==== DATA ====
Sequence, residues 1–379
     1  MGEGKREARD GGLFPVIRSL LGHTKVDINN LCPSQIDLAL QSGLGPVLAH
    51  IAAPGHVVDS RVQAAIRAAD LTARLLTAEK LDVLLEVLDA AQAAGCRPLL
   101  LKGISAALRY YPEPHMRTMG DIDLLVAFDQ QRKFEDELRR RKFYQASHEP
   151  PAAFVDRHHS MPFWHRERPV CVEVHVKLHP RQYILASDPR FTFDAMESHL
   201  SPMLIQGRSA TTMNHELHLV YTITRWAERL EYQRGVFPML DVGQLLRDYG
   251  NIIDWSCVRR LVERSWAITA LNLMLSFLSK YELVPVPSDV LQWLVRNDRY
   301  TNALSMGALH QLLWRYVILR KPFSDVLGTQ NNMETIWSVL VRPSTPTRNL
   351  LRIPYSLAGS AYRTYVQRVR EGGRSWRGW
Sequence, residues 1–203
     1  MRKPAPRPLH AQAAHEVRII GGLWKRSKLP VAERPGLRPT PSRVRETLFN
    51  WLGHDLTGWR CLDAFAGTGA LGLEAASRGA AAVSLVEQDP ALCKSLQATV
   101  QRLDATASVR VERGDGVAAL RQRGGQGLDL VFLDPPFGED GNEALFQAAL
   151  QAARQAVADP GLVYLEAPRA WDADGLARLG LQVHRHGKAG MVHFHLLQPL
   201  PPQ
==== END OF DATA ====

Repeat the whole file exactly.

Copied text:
Sequence, residues 1–379
     1  MGEGKREARD GGLFPVIRSL LGHTKVDINN LCPSQIDLAL QSGLGPVLAH
    51  IAAPGHVVDS RVQAAIRAAD LTARLLTAEK LDVLLEVLDA AQAAGCRPLL
   101  LKGISAALRY YPEPHMRTMG DIDLLVAFDQ QRKFEDELRR RKFYQASHEP
   151  PAAFVDRHHS MPFWHRERPV CVEVHVKLHP RQYILASDPR FTFDAMESHL
   201  SPMLIQGRSA TTMNHELHLV YTITRWAERL EYQRGVFPML DVGQLLRDYG
   251  NIIDWSCVRR LVERSWAITA LNLMLSFLSK YELVPVPSDV LQWLVRNDRY
   301  TNALSMGALH QLLWRYVILR KPFSDVLGTQ NNMETIWSVL VRPSTPTRNL
   351  LRIPYSLAGS AYRTYVQRVR EGGRSWRGW
Sequence, residues 1–203
     1  MRKPAPRPLH AQAAHEVRII GGLWKRSKLP VAERPGLRPT PSRVRETLFN
    51  WLGHDLTGWR CLDAFAGTGA LGLEAASRGA AAVSLVEQDP ALCKSLQATV
   101  QRLDATASVR VERGDGVAAL RQRGGQGLDL VFLDPPFGED GNEALFQAAL
   151  QAARQAVADP GLVYLEAPRA WDADGLARLG LQVHRHGKAG MVHFHLLQPL
   201  PPQ